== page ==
By: Daniel Rosbottom on December 9th, 2021
How To Convert Mesh Count to Micron Rating
In the world of filtration, accuracy is the only thing that matters when integrating mesh filters to achieve desirable results. Having confidence in your results will give you peace of mind that will reward your process in the long run.
This is why (even though it's a small part of the process) being able to convert both the mesh count and the micron rating of your mesh filter accurately is essential for you. But what exactly do the mesh count and micron rating of woven wire mesh entail, and how do properly convert the two?
W.S. Tyler has been helping customers weave mesh filters into their process for over 140 years and is here to guide you through the specification you need to understand to succeed.
With that, to better prepare you for what to expect when planing your mesh specifications, this article will encompass:
- What mesh count is
- What micron rating is
- How to convert mesh count to micron rating and vice versa
- Why it's important to know both the mesh count and micron rating
What Is Mesh Count?
When looking at a mesh filter, the mesh count refers to the number of pore openings in a linear inch. As this is typically how a given piece of mesh is classified, having a filter that is 100 mesh means that the filter should have 100 openings if you measure an inch in any direction.
Naturally, this means the smaller the mesh count, the finer the mesh filter is considered.
What Is Micron Rating?
Micron rating is best defined as the distance between any two wires that make up a mesh filter. This metric is used to determine the amount of open space that is not be taken up by the diameter of the wires.
Converting Mesh Count and Micron Rating Accurately and Efficiently
As you venture into the world of woven wire mesh filters, you will find that wire mesh suppliers use micron rating and mesh count interchangeably. When designing a mesh filter, it is crucial that you convert to and from these two metrics so you can clearly communicate your needs with the manufacturer.
To help, we have created the table below as a guide for you to be able to convert these quickly:
|Mesh Count||Micron Rating|
Why Mesh Count and Micron Rating Is Important
So, we've discussed what mesh count and micron rating are and established to convert one another. But why exactly are knowing these metrics so important?
Well, it all comes down to achieving optimal results.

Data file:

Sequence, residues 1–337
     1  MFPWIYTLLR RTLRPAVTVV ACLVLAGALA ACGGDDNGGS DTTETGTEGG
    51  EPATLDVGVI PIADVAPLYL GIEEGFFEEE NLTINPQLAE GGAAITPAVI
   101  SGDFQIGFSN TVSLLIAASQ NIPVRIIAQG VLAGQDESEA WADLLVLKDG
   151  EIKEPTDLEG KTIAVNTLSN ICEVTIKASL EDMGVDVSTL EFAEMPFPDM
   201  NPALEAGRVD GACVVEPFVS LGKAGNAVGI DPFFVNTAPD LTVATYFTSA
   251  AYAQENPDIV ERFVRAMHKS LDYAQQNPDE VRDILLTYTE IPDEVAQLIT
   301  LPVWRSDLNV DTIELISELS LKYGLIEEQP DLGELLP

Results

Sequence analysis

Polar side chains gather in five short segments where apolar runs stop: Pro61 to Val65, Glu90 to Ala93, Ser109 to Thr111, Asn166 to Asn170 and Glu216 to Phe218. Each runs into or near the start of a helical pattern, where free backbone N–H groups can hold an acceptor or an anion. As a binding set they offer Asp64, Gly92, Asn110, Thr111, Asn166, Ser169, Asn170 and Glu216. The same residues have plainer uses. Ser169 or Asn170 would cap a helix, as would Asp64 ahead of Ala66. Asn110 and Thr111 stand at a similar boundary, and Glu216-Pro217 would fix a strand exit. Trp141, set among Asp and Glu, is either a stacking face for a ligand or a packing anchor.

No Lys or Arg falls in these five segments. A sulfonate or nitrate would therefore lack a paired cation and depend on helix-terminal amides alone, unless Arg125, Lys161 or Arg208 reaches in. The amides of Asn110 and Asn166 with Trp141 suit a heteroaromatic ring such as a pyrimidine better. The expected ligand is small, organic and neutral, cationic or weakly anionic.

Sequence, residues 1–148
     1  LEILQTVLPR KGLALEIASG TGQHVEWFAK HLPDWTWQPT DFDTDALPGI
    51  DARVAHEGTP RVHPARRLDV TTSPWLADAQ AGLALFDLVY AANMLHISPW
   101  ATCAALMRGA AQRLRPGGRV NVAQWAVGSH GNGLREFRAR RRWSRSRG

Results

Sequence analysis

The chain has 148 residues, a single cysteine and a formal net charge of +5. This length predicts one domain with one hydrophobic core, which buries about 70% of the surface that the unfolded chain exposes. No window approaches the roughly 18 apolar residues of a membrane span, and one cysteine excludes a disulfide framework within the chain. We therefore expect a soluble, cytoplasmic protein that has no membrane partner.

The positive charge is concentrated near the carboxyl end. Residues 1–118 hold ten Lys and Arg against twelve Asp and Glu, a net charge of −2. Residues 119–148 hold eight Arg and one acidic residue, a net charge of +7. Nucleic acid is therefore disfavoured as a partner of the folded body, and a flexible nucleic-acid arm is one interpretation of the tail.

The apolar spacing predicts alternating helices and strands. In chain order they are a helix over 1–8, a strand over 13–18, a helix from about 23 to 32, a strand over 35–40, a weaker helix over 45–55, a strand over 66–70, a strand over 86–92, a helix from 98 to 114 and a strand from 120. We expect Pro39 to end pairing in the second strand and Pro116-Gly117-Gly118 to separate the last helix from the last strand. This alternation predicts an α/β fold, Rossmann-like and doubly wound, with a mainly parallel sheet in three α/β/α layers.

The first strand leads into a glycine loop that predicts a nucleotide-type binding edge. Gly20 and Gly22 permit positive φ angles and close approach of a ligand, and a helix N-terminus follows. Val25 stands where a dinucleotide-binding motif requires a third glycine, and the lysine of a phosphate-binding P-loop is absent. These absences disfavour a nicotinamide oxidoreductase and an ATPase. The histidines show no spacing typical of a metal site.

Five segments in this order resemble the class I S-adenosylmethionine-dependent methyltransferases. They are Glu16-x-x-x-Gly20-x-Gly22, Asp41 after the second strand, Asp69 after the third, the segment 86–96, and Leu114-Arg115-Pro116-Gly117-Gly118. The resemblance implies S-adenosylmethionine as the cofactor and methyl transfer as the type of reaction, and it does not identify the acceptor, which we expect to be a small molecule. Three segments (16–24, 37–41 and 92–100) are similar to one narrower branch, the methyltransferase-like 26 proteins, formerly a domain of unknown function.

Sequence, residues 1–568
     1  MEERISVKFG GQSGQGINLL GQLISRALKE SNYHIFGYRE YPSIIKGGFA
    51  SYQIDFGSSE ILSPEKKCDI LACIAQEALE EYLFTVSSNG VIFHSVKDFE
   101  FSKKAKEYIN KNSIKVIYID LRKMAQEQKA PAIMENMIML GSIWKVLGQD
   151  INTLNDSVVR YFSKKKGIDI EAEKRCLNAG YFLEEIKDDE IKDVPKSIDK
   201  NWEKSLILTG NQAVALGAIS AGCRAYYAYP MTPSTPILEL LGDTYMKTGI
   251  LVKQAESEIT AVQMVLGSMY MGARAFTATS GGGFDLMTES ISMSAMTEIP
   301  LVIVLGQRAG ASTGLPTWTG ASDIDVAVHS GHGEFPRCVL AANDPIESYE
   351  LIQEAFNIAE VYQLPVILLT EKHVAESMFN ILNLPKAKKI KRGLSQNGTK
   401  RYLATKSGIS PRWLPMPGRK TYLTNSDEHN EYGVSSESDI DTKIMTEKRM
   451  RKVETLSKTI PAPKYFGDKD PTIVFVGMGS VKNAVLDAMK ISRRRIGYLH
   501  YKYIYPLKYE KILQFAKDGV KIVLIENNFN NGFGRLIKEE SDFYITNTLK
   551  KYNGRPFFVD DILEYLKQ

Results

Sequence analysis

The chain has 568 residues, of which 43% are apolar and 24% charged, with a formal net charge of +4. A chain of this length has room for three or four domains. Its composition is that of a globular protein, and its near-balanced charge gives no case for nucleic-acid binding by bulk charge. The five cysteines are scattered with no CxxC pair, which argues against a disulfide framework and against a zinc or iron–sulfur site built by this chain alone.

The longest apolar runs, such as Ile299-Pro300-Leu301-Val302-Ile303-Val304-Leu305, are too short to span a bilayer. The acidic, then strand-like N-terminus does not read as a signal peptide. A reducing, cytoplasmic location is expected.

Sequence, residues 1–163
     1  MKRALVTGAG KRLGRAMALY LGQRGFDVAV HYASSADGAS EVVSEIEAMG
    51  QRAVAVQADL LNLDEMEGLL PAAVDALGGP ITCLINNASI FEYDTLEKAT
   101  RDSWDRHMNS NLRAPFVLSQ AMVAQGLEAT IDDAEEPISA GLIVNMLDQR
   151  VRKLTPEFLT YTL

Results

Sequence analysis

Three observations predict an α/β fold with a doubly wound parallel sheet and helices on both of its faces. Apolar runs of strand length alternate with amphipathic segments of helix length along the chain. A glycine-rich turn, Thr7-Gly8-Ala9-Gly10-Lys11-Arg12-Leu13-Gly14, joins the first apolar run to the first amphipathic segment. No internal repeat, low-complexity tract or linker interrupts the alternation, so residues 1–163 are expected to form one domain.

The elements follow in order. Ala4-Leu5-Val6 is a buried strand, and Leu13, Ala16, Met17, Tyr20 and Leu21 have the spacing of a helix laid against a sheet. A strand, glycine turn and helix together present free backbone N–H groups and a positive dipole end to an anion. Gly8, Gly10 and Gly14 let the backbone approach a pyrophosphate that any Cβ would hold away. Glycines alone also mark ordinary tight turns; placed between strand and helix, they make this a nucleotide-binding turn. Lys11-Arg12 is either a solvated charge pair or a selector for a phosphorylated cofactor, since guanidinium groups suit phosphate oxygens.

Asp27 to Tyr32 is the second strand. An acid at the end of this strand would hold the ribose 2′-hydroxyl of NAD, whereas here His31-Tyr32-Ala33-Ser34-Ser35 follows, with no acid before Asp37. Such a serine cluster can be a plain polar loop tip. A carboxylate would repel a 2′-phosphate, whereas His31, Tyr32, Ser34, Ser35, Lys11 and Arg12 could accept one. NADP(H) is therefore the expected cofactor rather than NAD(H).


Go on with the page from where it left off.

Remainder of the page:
By knowing the mesh count your process requires, you can feel more confident in the control you have over what does and doesn't make it through your mesh filter. To that end, knowing the micron rating will allow you to control flow rate and throughput, helping you create a more efficient operation.
Ensure Durability With the Right Alloy
Mesh count and micron rating play integral mesh specifications that control the performance of a mesh filter. Knowing how to identify and convert these specifications will allow you to implement a wire mesh solution that delivers the results you need to achieve peace of mind.
Once you have established the mesh count and micron rating you will need to build your mesh filter, you then need to determine what alloy the metallic wires should be. This will ensure your filter will be able to withstand the various elements, such as heat, pressure, and corrosive material(s), your process will subject it to.
W.S. Tyler has come to understand the frustrations of construing and fine-tuning a filter/screening solution that performs efficiently. This is what drives us to use our decades of experience to help pinpoint a happy medium that best suits you.
To educate you on what alloys can be used to weave wire mesh and how they react to different testing elements, we put together the following article:
About Daniel Rosbottom
Daniel is W.S. Tyler’s Marketing Manager and has been with the company for over seven years. To create the ultimate customer experience, he is responsible for leading the company’s team of marketing specialists, maintaining the marketing budget, working with marketing contract workers, and incorporating the initiatives of the sales force into various marketing campaigns.